1. The Communist Manifesto
Authors: Karl Marx and Freidrich Engels
Summary: Marx and Engels, born in Germany in 1818 and 1820, respectively, were the intellectual godfathers of communism. Engels was the original limousine leftist: A wealthy textile heir, he financed Marx for much of his life. In 1848, the two co-authored neventson-20&creative=9325&path=tg/detail/-/0451527100/qid=1117547503/sr=1-1
/ref=sr_1_1?v=glance%26s=books> The Communist Manifesto as a platform for a group they belonged to called the Communist League. The Manifesto envisions history as a class struggle between oppressed workers and oppressive owners, calling for a workers' revolution so property, family and nation-states can be abolished and a proletarian Utopia established. The Evil Empire of the Soviet Union put the Manifesto into practice.

2. Mein Kampf
Author: Adolf Hitler
Summary: neventson-20&creative=9325&path=tg/detail/-/1410102033/qid=1117547652/sr=1-2
/ref=sr_1_2?v=glance%26s=books> Mein Kampf (My Struggle) was initially published in two parts in 1925 and 1926 after Hitler was imprisoned for leading Nazi Brown Shirts in the so-called "Beer Hall Putsch" that tried to overthrow the Bavarian government. Here Hitler explained his racist, anti-Semitic vision for Germany, laying out a Nazi program pointing directly to World War II and the Holocaust. He envisioned the mass murder of Jews, and a war against France to precede a war against Russia to carve out "lebensraum" ("living room") for Germans in Eastern Europe. The book was originally ignored. But not after Hitler rose to power. According to the Simon Wiesenthal Center, there were 10 million copies in circulation by 1945.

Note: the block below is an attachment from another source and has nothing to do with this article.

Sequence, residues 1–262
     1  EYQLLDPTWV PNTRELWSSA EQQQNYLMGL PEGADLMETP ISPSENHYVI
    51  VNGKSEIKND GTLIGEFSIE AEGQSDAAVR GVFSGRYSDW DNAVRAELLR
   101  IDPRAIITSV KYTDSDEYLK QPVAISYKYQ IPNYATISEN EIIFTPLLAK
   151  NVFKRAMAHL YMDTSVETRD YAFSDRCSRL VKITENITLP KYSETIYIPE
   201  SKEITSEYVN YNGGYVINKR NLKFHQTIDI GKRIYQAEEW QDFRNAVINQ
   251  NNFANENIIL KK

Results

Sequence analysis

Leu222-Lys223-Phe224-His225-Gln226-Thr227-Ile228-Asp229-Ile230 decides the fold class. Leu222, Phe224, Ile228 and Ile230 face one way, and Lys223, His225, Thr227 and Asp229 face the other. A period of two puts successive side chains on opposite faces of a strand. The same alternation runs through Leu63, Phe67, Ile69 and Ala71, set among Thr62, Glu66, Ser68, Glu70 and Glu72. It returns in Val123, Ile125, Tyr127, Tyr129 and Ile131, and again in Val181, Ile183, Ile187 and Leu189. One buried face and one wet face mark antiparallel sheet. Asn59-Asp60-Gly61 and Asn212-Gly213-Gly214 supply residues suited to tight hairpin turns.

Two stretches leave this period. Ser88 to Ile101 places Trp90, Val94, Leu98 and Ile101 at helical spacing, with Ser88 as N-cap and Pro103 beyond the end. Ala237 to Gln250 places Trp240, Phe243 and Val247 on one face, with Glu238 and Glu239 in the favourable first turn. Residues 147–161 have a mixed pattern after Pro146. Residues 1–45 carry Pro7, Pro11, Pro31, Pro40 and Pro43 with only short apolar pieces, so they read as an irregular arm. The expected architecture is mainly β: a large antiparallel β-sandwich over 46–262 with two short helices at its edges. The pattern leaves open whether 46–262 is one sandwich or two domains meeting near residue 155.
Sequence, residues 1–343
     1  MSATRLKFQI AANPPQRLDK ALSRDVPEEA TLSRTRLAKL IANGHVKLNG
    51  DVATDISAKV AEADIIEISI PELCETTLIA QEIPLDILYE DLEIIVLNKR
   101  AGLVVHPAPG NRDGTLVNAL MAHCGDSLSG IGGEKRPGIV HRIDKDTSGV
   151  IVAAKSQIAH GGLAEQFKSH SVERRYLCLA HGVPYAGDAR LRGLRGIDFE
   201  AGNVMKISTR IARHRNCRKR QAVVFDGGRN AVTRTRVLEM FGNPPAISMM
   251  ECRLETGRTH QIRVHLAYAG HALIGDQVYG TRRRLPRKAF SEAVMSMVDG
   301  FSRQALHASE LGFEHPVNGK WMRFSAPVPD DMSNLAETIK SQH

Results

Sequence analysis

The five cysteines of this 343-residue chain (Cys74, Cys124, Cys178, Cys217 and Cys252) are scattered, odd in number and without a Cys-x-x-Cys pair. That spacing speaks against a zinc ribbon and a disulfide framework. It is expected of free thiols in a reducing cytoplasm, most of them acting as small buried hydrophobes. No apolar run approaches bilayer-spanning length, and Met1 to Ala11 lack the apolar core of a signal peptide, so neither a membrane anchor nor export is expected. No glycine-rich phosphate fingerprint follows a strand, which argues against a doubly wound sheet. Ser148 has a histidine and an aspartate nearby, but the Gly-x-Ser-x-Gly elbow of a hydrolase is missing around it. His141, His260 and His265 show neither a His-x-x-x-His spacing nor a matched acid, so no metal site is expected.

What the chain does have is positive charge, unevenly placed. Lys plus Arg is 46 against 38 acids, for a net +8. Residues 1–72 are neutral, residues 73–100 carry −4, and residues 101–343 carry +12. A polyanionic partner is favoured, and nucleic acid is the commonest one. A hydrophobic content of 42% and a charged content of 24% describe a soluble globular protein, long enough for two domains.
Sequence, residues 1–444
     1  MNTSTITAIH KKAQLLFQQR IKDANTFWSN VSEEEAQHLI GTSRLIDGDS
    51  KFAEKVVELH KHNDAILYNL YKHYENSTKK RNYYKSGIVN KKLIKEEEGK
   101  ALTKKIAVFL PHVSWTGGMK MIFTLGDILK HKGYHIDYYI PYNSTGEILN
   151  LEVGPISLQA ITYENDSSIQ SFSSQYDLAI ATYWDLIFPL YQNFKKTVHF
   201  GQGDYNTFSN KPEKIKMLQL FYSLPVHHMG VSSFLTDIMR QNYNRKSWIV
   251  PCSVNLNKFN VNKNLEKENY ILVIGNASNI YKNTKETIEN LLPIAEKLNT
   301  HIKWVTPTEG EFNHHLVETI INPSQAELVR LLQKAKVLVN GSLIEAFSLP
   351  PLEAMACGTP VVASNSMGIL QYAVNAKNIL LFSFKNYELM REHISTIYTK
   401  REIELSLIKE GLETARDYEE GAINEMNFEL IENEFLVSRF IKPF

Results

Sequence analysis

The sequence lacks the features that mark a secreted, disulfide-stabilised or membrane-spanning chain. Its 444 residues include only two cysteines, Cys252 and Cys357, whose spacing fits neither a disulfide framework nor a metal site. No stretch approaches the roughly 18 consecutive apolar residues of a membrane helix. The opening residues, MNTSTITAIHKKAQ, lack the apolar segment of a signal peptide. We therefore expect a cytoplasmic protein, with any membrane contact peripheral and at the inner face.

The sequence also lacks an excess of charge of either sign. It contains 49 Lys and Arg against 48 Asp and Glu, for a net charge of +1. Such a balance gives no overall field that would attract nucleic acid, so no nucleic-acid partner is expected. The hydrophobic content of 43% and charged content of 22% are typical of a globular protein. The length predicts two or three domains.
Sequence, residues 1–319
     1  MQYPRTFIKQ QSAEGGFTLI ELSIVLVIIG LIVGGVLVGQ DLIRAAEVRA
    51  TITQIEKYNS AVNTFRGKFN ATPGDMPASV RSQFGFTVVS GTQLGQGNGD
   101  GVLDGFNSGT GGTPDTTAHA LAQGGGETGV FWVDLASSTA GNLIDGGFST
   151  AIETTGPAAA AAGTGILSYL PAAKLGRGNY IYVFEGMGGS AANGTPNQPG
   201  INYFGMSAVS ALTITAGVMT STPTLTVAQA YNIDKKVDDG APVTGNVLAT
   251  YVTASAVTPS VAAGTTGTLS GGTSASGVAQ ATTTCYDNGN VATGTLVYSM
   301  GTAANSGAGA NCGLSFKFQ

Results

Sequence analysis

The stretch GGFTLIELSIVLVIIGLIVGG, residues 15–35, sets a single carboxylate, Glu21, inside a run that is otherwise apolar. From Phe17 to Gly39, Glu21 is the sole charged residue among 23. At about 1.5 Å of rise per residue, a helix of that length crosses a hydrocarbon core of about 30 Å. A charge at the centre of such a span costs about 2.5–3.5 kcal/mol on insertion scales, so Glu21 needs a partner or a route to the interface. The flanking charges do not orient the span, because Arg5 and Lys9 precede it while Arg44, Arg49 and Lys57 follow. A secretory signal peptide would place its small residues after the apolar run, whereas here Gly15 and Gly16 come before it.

3. Quotations from Chairman Mao
Author: Mao Zedong
Summary: Mao, who died in 1976, was the leader of the Red Army in the fight for control of China against the anti-Communist forces of Chiang Kai-shek before, during and after World War II. Victorious, in 1949, he founded the People's Republic of China, enslaving the world's most populous nation in communism. In 1966, he published neventson-20&creative=9325&path=tg/detail/-/B0007AFWEW/qid=1117547854/sr=1-1
/ref=sr_1_1?v=glance%26s=books> Quotations from Chairman Mao Zedong, otherwise known as The Little Red Book, as a tool in the "Cultural Revolution" he launched to push the Chinese Communist Party and Chinese society back in his ideological direction. Aided by compulsory distribution in China, billions were printed. Western leftists were enamored with its Marxist anti-Americanism. "It is the task of the people of the whole world to put an end to the aggression and oppression perpetrated by imperialism, and chiefly by U.S. imperialism," wrote Mao.

4. The Kinsey Report
Author: Alfred Kinsey
Summary: Alfred Kinsey was a zoologist at Indiana University who, in 1948, published a study called neventson-20&creative=9325&path=tg/detail/-/0253334128/qid=1117547966/sr=1-2
/ref=sr_1_2?v=glance%26s=books> Sexual Behavior in the Human Male, commonly known as neventson-20&creative=9325&path=tg/detail/-/0253334128/qid=1117547966/sr=1-2
/ref=sr_1_2?v=glance%26s=books> The Kinsey Report. Five years later, he published Sexual Behavior in the Human Female. The reports were designed to give a scientific gloss to the normalization of promiscuity and deviancy. "Kinsey's initial report, released in 1948 . . . stunned the nation by saying that American men were so sexually wild that 95% of them could be accused of some kind of sexual offense under 1940s laws," the Washington Times reported last year when a movie on Kinsey was released. "The report included reports of sexual activity by boys--even babies--and said that 37% of adult males had had at least one homosexual experience. . . . The 1953 book also included reports of sexual activity involving girls younger than age 4, and suggested that sex between adults and children could be beneficial."

5. Democracy and Education
Author: John Dewey